Somewhere along the line, you may have been told that you’re “just a singer” and not really a musician. False! YOU are an instrument. And you can, and should, decide where your voice will resonate. Depending on the song or the line, it’s going to be: your head, chest, or belly. If this concept isn’t resonating with you, try this: Borrow the “om” from meditation and sing it. Start really low in your belly (sing ah), then move up to your chest (oh), then your neck (oo), then your head (um). You should feel the vibration in each of those spots. Once you can do that, you can apply it. You can also just meditate. It’s good for you. Maybe your new book shop relationship went south. It’s okay. Acknowledge the loss, feel your feelings, and then move on. You’re an instrument, but so is your heart, and the heart is the only broken instrument that works.
4. Practice. Really, You Have to Practice:
And don’t just practice what’s easy for you. Practice what’s hard. Choose a pattern and sing it. If you’re a pianist, grab your Hanon book and sing those exercises. If not, sing arpeggios or scales (major, minor, and if you’re really brave, chromatic). Sing consonants, then vowels, move the patterns around. Do this for 5-10 minutes every day. Add it to your growing list of newfound good habits — like reading and meditation. If you’re in a relationship, take another 5 minutes daily and think about how you can be a better partner, then act on it. If you’re single, spend those 5 minutes thinking about why you may be choosing the wrong partners (Hint: Do not date people who like Air Supply). You’ll probably find that your “type” is your problem.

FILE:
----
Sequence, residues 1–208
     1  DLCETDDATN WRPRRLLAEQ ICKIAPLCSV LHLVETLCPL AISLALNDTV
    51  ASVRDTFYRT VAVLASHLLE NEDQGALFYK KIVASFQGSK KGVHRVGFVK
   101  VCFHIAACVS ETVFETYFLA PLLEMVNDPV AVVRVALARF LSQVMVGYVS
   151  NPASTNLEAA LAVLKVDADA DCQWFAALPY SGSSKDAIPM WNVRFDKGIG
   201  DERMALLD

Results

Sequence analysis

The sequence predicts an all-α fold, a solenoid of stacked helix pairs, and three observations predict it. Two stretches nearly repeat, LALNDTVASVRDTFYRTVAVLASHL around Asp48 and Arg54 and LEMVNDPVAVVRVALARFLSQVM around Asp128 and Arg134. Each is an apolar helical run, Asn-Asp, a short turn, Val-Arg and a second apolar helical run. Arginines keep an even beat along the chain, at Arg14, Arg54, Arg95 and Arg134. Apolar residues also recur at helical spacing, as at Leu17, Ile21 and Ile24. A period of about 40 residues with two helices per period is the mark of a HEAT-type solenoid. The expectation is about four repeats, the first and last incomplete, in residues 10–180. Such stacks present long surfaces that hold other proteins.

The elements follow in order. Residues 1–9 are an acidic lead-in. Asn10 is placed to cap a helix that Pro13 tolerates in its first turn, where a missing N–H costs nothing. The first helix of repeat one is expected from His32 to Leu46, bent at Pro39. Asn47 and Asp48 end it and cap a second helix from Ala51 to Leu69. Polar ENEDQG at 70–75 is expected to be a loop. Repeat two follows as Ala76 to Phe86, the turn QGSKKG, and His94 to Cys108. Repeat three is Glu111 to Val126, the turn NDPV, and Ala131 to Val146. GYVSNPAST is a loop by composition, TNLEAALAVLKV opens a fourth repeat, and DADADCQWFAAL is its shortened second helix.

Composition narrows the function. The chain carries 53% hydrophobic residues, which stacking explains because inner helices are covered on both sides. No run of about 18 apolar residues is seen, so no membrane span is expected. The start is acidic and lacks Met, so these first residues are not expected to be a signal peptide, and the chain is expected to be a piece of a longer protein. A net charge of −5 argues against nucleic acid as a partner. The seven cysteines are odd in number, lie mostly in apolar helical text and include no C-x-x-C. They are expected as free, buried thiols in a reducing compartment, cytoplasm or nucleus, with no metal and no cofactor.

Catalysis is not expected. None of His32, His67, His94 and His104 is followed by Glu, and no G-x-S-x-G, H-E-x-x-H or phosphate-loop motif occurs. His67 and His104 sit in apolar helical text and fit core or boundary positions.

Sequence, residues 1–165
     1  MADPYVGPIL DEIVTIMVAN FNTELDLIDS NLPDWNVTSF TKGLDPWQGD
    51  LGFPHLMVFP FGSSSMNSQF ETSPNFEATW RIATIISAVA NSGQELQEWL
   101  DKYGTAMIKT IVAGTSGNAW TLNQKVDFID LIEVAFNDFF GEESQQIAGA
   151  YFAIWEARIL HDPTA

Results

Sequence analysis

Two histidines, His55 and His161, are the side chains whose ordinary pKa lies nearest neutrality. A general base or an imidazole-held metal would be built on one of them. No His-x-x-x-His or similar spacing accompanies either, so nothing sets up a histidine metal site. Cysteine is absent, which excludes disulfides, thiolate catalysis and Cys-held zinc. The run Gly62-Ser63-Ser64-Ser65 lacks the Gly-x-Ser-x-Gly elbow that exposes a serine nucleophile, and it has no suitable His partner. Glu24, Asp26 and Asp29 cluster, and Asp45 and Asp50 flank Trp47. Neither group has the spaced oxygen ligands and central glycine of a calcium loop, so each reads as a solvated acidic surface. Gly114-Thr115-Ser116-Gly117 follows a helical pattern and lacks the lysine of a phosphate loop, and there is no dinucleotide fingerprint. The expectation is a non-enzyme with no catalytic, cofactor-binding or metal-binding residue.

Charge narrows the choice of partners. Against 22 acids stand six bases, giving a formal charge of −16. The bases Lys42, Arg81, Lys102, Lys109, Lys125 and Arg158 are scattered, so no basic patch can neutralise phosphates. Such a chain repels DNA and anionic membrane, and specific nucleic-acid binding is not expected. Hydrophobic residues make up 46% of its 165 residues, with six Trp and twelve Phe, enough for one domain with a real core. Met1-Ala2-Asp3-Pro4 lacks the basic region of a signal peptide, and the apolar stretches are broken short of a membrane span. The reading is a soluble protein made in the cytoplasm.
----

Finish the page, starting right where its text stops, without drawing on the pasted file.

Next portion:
5. Boring Is Bad:
It’s important to keep your vocal interesting. Same with relationships, especially if your partner is a Gemini. Contrast is key. A vocal can be very precise and considered without being boring. Think about the distance from the mic. Is this an intimate moment? Get close. If you’re singing loud, back up a bit. Master mic technique instead of merely changing levels because that’s easier.
6. Tongue Untied: